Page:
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Whirlpool’s Swift Resigns; Todman Named President

Beleaguered Whirlpool president David Swift has resigned after running the company’s North American operations for nearly six years. He has been succeeded by the man he originally replaced, Michael Todman, who had since headed Whirlpool’s European and global businesses.

Swift’s departure follows a trying period for the world’s largest majap maker, as the daunting integration of its Maytag acquisition, higher raw materials costs, and a dramatic downturn in the U.S. white-goods market have impacted company earnings. Indeed, operating profit for the North American unit fell 19 percent to $159 million during the first quarter, ended March 31.

“Dave Swift has contributed a great deal to our company during his five and a half years at Whirlpool,” said chairman/CEO Jeff Fettig in a statement. “Dave played a critical leadership role in overseeing the successful integration of the Maytag business into our company. Given that this integration is now largely complete, I respect Dave’s decision to now pursue his long-term career aspirations outside of our company. I appreciate Dave’s contribution to the success of Whirlpool.”

Swift, an industry outsider whose background was in marketing, joined Whirlpool as executive VP/North America in 2001 after 20 years with Eastman Kodak.

His successor, Mike Todman, was named executive VP and later president of Whirlpool Europe after Swift assumed his post in North America, a position he held for seven months. Four years later he was promoted to president of Whirlpool International and named to the company’s board. He joined Whirlpool in 1993 as finance director for the U.K. operation, and before that spent 10 years at Wang Laboratories.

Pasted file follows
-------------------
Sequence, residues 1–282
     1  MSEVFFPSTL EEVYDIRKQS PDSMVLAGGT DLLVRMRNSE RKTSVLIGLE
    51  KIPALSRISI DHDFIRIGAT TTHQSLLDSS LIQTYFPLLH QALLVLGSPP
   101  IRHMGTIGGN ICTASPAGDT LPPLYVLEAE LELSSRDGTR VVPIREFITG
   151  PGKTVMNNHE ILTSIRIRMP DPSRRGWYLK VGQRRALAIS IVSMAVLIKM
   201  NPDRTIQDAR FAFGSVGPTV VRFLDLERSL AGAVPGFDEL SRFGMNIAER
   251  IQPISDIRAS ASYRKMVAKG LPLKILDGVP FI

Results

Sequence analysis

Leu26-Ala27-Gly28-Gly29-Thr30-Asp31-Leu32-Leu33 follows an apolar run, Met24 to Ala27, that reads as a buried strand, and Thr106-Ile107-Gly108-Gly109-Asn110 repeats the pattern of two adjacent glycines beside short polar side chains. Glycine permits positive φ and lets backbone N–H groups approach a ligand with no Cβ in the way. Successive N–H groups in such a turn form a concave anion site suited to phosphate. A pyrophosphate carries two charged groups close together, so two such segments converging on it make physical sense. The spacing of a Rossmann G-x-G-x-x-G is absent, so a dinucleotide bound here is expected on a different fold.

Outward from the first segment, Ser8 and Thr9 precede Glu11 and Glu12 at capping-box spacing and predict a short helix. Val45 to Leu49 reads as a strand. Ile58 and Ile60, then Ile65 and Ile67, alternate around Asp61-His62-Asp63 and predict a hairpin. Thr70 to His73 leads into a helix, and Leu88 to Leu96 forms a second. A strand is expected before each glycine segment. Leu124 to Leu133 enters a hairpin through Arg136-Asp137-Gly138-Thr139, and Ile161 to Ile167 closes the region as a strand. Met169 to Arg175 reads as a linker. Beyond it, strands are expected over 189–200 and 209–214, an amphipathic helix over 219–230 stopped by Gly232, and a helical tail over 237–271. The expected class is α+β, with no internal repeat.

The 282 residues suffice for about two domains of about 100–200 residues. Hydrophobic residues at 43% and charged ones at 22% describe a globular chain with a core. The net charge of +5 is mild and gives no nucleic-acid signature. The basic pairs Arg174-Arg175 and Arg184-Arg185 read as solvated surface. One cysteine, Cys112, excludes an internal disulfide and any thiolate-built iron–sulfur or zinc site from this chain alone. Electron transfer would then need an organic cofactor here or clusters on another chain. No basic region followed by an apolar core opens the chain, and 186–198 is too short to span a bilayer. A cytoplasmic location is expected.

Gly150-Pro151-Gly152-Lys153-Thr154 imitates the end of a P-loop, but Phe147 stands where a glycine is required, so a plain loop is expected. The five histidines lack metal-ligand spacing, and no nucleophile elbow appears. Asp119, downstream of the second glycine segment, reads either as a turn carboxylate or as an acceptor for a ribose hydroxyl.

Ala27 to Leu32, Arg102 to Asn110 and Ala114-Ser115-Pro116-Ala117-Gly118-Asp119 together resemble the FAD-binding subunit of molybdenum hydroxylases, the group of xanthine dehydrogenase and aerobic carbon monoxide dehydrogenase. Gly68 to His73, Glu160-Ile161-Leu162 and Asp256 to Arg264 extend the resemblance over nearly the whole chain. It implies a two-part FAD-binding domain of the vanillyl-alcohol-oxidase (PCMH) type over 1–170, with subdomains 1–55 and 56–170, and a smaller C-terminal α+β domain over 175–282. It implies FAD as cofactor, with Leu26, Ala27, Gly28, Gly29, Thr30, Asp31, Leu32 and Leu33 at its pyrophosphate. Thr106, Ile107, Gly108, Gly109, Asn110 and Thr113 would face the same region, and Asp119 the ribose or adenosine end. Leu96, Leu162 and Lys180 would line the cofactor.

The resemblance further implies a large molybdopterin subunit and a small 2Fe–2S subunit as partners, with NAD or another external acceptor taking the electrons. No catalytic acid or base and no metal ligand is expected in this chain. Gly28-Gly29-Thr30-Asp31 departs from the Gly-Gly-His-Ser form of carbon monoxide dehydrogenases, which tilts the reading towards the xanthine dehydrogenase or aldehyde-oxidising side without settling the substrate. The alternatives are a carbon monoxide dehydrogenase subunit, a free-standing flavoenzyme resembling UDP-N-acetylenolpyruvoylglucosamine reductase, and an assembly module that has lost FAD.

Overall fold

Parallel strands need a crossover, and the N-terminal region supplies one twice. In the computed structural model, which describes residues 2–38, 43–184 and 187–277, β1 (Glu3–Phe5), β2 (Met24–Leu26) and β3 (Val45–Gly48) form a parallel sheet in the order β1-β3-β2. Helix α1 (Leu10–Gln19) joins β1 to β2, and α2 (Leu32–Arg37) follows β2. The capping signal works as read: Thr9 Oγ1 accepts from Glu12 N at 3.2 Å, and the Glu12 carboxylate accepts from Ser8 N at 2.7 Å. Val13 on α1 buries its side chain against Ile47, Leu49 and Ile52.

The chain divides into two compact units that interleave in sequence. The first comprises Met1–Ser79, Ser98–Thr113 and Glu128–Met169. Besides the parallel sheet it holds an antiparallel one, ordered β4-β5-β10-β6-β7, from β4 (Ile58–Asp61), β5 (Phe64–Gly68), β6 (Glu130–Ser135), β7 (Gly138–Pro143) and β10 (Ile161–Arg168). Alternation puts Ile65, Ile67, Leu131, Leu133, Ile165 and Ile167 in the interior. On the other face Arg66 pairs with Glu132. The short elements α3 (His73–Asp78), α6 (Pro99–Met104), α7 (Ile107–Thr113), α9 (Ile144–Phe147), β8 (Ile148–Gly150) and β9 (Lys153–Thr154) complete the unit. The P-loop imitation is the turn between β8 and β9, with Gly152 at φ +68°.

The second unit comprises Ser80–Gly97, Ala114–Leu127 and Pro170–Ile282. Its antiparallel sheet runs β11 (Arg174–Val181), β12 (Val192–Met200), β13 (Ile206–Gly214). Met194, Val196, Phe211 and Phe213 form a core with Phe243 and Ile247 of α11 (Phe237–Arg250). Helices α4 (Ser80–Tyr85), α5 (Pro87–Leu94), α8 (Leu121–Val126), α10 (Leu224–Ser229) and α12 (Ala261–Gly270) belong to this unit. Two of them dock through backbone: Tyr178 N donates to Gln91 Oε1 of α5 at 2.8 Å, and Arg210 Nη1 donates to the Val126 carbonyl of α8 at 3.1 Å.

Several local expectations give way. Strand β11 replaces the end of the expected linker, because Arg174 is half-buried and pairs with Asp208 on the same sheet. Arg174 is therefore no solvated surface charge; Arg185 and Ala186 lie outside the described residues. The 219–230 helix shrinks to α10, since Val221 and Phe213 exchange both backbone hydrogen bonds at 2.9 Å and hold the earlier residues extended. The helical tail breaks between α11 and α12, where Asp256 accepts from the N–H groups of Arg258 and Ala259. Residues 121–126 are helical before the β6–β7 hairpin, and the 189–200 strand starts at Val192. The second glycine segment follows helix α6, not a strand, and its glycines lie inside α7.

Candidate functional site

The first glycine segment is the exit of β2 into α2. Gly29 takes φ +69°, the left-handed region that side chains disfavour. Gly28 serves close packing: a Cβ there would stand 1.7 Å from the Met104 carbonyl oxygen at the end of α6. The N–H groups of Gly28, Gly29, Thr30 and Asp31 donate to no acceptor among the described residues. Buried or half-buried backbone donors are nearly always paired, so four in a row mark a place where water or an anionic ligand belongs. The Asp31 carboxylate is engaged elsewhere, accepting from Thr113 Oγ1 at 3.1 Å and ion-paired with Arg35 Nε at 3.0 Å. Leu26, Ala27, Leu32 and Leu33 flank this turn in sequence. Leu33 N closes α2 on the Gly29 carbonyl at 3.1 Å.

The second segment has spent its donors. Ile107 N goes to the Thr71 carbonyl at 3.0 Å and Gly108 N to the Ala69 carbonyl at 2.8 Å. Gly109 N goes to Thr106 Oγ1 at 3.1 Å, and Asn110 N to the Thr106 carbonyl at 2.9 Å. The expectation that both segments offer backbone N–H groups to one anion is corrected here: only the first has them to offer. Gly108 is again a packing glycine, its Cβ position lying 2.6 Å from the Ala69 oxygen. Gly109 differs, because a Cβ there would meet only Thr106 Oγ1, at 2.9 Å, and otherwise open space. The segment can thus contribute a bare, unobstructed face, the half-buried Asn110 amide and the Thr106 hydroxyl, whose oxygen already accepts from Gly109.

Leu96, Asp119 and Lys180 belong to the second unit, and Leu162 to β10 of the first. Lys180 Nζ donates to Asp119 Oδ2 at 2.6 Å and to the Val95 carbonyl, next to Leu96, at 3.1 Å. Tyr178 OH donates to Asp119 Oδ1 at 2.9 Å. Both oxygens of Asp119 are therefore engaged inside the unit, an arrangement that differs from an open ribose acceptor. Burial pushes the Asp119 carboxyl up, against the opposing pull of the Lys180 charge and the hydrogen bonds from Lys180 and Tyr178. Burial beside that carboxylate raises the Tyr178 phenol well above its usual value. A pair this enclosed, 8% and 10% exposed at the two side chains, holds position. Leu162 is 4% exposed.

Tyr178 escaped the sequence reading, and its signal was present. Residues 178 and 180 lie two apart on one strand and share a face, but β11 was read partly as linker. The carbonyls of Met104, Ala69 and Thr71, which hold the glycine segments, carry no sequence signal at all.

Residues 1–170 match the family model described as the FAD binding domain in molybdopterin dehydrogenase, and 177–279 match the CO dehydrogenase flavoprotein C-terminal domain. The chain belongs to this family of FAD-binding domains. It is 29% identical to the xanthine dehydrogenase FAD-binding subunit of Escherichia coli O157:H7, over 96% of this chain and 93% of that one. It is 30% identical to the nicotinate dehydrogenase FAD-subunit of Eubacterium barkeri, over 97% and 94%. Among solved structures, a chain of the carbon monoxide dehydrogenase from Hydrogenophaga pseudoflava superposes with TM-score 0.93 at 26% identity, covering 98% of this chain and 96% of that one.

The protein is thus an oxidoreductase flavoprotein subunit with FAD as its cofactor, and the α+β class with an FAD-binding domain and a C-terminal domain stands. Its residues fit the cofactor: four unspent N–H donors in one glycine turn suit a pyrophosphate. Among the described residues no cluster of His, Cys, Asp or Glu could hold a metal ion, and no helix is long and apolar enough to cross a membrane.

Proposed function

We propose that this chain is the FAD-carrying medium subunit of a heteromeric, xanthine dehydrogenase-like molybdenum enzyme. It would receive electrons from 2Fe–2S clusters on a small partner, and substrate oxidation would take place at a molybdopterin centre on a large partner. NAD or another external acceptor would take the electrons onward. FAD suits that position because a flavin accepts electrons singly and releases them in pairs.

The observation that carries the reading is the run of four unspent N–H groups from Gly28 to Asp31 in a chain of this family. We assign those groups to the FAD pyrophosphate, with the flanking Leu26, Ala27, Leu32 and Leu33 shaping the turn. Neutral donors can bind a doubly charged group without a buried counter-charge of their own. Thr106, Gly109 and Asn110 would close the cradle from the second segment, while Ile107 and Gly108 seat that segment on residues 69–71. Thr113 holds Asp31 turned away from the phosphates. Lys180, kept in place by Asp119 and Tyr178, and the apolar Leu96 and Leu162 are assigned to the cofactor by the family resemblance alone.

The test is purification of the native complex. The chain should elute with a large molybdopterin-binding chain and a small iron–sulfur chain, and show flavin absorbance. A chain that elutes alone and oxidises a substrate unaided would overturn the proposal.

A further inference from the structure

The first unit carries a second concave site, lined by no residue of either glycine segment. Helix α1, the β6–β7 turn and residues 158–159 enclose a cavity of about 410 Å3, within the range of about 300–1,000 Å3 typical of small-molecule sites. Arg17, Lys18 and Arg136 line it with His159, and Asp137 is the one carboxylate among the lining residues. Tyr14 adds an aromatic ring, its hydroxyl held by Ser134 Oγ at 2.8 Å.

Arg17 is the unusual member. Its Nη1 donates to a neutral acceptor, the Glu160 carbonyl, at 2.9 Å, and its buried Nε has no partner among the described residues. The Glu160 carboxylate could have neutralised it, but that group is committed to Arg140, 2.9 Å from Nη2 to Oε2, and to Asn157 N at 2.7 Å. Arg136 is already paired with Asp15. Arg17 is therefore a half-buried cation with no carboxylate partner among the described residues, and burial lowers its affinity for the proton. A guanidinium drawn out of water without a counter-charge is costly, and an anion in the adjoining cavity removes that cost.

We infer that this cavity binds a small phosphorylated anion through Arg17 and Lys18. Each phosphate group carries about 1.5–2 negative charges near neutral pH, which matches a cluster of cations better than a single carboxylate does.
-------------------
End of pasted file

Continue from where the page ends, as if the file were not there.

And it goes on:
In a statement, Fettig described Todman as “an experienced global leader with a strong track record of performance in leading major parts of our global business … I am confident that he will provide great leadership for our North American business as we capitalize on the benefits from the Maytag acquisition and continue our focus on growth by providing innovative products and services to our customers under our leading brand names.”

Todman is being succeeded as president of Whirlpool International by Paulo F.M.O. Periquito, currently a corporate executive VP and president of Whirlpool Latin America.

In other Whirlpool news, the company said it is moving production of single cavity freestanding ranges at its Cleveland, Tenn., plant to factories in Tulsa, Okla., and Celaya, Mexico. Approximately 400 positions will be eliminated in Cleveland following the production ramp-down, to be completed by the end of 2008, mainly through normal attrition and the reduction of temporary positions. The company has not yet determined the number of positions being created at Tulsa and Celaya. Whirlpool said the transfer reflects “the strategic role of the company’s North American manufacturing base within its global manufacturing and distribution network.” Products from the North American facilities are sold to consumers in the United States, Mexico, Canada and in markets around the world.

Separately, Whirlpool said it will outsource production, distribution and marketing of its dehumidifiers and air purifiers next year, resulting in the elimination of about 330 jobs at its LaVergne, Tenn., plant. “This approach brings new opportunities for the Whirlpool brand presence in air control,” said Marise Kumar, Whirlpool VP of business strategy and core competencies. “This future transition will offer our customers expanded product offerings and services.”

The company said it is negotiating a licensing agreement with potential global partners to produce those products under the Whirlpool label, and will fulfill all consumer requirements for the 2007 air control season before production ramps down at LaVergne plant. Whirlpool said it will begin offering expanded product offerings and increased services through the new third-party provider in 2008.

Whirlpool said the changes to its North American air control and cooking platforms are part of an ongoing, comprehensive worldwide plan to optimize regional manufacturing facilities, supply base, product platforms and technology resources to better support its brands with innovative product.